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Flashcards in Cancer Biology 2 Deck (15):

Gene alteration that activate proto-oncogenes are sometimes small and cannot be seen through microscopy or staining (as other mutations can). DNA transfection can identify c-oncs that have become activated by point mutations. Describe this process.

Transformation of mouse fibroblasts
This DNA was was introduced into normal mouse fibroblasts by calcium phosphate co-precipitation
Formation of s focus of morphologically transformed cells
Clone the transfected oncogene from the focus or analyse by southern blotting


DNA samples from NIH3T3 foci (in DNA transfection procedure) were analysed by southern blotting . Which mutant genes were identified? Which codons are they often found in?

Ras gene family (K-Ras, H-Ras and N-Ras)
Introduction to normal NIH3T3 cells showed that the mutant ras genes led to formation of transformed foci- Ras mutations were identified in 3 codons- 12, 13 or 61
Ras mutations are found in almost all human cancers


Proto-oncogenes are represented in most biological processes. Name a few processes in which some are found

Growth factor receptors, nuclear transcription factors, protein kinases


How is tyrosine phosphorylation implicated in human cancers?

Receptor tyrosine kinases are a type of tyrosine kinase. What can happen if there is a phorylation cascade in which intracellular proteins are phosphorylated?

Tyrosine kinases (enzymes) mediate signalling in many cells, determining processes such as growth, differentiation, senescence and apoptosis. In normal cells they are tightly regulated, but if the acquire a mutation, they may be over expressed. They can be stuck 'on' and so constantly signal for growth

Receptor tyrosine kinases can cause cascades of signalling if mutated, this signal can be transduced to the nucleus by phosphorylating intracellular proteins and this may actively change expression of certain genes (causing growth)


The epidermal growth factor receptor (EGFR) gene was cloned. They found a sequence homologous to the Src gene found in chickens. What does this suggest about the tyrosine phosphorylation activity potential of EGFR?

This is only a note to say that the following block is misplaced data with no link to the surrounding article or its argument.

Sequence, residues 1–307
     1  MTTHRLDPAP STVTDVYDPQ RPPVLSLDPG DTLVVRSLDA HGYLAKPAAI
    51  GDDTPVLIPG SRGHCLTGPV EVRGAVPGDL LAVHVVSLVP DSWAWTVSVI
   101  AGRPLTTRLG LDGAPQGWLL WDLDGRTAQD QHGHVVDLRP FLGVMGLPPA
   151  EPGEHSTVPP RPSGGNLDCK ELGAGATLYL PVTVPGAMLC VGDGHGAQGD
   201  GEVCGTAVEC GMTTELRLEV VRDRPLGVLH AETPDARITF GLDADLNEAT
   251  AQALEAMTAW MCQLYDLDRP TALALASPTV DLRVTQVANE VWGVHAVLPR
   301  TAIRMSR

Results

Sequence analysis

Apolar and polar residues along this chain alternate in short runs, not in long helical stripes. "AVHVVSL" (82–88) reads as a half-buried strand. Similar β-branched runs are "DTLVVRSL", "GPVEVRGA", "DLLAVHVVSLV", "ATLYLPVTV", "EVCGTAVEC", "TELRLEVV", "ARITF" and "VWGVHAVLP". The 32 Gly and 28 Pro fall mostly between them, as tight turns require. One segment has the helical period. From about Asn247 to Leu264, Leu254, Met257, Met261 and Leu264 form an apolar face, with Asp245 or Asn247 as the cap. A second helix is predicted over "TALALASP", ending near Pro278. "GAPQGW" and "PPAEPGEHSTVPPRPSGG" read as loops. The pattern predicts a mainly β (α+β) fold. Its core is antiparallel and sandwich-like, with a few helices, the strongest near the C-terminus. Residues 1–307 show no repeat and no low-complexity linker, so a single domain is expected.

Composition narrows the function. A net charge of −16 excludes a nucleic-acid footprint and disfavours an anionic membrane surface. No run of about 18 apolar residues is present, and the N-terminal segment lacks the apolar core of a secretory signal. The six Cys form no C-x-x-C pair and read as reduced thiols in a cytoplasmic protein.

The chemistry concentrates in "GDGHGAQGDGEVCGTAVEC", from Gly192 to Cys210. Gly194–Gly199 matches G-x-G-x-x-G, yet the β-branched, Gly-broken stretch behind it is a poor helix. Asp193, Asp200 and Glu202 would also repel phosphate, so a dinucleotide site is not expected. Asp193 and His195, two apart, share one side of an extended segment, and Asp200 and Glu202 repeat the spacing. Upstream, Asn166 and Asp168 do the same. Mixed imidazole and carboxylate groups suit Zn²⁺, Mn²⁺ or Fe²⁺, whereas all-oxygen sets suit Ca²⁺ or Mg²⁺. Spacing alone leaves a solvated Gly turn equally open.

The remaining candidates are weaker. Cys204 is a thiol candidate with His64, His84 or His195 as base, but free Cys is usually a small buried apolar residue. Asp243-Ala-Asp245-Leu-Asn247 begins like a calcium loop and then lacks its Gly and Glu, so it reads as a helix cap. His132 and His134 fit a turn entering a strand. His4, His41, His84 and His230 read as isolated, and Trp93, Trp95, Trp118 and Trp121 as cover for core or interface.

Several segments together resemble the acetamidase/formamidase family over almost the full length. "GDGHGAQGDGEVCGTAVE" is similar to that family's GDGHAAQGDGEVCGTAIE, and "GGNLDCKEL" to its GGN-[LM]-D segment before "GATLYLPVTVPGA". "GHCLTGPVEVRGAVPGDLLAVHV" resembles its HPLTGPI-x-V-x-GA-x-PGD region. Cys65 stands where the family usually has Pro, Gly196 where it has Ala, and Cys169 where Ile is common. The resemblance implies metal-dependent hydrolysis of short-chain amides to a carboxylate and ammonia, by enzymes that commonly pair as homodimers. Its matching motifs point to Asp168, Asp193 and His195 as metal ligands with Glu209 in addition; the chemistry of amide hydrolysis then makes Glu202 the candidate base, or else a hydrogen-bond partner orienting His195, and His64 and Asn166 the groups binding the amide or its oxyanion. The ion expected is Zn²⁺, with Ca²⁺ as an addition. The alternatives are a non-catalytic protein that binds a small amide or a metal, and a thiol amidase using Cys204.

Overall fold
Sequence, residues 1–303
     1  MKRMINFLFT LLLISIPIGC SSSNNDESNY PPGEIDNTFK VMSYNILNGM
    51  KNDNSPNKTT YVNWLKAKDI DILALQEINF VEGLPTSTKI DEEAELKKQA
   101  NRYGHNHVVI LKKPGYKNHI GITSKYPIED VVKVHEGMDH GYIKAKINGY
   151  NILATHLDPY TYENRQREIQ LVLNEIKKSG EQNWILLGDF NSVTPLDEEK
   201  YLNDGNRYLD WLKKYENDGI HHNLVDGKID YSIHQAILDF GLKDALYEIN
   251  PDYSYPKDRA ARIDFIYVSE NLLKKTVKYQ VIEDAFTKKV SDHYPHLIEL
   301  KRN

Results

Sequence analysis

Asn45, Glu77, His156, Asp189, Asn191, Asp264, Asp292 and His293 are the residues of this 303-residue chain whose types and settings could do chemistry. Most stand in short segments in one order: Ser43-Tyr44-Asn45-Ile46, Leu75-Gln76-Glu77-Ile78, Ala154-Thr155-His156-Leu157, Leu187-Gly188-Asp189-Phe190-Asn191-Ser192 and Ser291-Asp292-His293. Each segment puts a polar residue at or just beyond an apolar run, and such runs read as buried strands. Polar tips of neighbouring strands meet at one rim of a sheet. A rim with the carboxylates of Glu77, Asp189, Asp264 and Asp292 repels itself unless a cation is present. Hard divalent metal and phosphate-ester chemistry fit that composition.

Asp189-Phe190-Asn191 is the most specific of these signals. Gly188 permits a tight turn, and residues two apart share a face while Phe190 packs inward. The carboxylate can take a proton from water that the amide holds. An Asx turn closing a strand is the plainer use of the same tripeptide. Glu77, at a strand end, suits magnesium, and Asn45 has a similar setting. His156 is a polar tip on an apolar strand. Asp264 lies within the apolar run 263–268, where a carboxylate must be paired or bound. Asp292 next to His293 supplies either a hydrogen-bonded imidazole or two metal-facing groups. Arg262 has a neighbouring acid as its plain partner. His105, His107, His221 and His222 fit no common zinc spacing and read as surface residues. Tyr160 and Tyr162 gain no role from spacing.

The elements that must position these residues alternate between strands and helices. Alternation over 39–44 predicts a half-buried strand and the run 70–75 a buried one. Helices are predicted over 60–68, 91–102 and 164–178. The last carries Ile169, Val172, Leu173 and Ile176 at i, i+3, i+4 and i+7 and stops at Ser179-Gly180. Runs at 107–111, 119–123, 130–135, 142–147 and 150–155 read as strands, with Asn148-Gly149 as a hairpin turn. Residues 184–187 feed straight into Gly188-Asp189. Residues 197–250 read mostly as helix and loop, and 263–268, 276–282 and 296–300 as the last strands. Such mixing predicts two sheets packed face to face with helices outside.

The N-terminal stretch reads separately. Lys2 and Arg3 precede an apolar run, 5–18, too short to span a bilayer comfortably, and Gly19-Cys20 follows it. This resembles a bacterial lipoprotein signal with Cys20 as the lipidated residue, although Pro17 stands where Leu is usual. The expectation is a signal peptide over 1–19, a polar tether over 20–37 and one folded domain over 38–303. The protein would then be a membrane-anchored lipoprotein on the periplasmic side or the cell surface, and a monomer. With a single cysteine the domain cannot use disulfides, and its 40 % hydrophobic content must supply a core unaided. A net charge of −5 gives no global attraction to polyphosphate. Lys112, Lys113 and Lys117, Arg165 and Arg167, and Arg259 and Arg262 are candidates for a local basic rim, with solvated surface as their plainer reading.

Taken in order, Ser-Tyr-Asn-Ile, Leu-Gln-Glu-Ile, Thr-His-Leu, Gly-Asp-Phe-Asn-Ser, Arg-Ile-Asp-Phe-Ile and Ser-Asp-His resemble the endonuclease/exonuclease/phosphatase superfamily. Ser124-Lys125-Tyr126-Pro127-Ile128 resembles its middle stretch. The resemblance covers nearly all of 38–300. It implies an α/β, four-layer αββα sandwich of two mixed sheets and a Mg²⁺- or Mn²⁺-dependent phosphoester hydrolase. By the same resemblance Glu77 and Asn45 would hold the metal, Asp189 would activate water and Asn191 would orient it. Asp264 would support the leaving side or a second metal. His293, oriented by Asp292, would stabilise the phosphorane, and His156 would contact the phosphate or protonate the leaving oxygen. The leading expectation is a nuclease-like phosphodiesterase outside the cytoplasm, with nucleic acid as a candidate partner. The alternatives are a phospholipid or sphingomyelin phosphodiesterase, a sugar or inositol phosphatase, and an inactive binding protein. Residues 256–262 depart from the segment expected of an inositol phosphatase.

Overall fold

What is the v-ErbB oncogene? Which two types are found in human cancers?

EGFR may have the potential to be involved in human cancer signalling pathways and its tyrosine kinase activity may be relevant to an oncogene

v-ErbB oncogenes are truncated versions of EGFR that lacks the extracellular domain (that binds EGFR to EGF).
This family contains receptor tyrosine kinases and have homologous regions to a leukaemia viral oncogene. Two important ones are HER1 and HER2 (found in breast cancer)


Cancers are often characterised by switchig from paracrine signalling to autocrine (so auto-stimulates itself- produces signals for itself). The human epidermal growth factor receptor (HER) is complex. Which HER is the classic EGF receptor?

HER 1 but EGF can also bind to HER 2


Growth factors work in different ways to achieve dimerisation of the receptors at cell surface. Describe two.

Some growth factors are themselves dimeric and so bring two receptor molecules together when they bind
Some bind as monomers and induce a conformational change in the receptor chains that lead to their dimerisation


What mechanism of dimerisation of the growth factor receptors is seen in human cancers? In which oncogene is this mechanisms seen?

Point mutations in the transmembrane domain of the receptor, or truncation of the receptor's extracellular domain, can lead to spontaneous dimerisation and subsequent dowmstream signalling in the absence of growth factor. This truncation is seen in the v-ErbB oncogene

Note- This is associated with gene amplification that leads to over expression of receptors, which then auto-stimulate- this is seen in many human cancers


What is trans-phosphorylation?

When receptor dimerisation leads to activation of its tyrosine kinase activity, resulting in phosphorylation of its cytoplasmic domains (each chain of the receptor is phosphorylated by the kinase domain of the opposite chain)


What three domains are found in Src which are conserved in other signalling molecules too?

SH1, SH2 (recognises phosphotyrosine) and SH3 (recognises polyproline/proline-rich sequences)


What does the arginine residue on the SH2 domain do?

Specifies interaction with phosphotyrosine instead of tyrosine


Src is a tyrosine kinase itself, therefore it is important to keep it inactive until it binds to a phosphotyrosine-containing receptor. How do c-Src and v-Src differ?

c-Src is inactive until binding
v-Src is constitutively active


How is c-Src kept inactive?

Autoinhibited by intramolecular interactions
These molecules then enhance substrate binding when the oncogene is to be activated and this allows phosphorylates tyrosine residues on many substrates to be implicated in many areas of the cell


What does Grb2 act as for the phosphorylation of the EGF receptor? What happens after/what does this induce?

Links SOS to the EGFR
SOS then interacts with Ras molecules
This induces release of GDP from Ras to bind with GTP
This leads to conformational change which exposes Ras 'effector loop'
Interacts with several downstream signalling partners that are known as Ras effectors- this leads to further effects on the cell


Summary: what does inappropriate activation lead to in cancer cells?

Pleiotropic effects